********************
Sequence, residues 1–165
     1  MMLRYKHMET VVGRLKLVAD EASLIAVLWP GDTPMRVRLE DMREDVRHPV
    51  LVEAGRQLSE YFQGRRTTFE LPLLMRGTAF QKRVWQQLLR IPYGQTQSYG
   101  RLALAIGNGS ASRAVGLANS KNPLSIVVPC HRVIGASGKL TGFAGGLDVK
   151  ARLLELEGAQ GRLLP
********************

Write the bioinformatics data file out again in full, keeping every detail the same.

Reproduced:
Sequence, residues 1–165
     1  MMLRYKHMET VVGRLKLVAD EASLIAVLWP GDTPMRVRLE DMREDVRHPV
    51  LVEAGRQLSE YFQGRRTTFE LPLLMRGTAF QKRVWQQLLR IPYGQTQSYG
   101  RLALAIGNGS ASRAVGLANS KNPLSIVVPC HRVIGASGKL TGFAGGLDVK
   151  ARLLELEGAQ GRLLP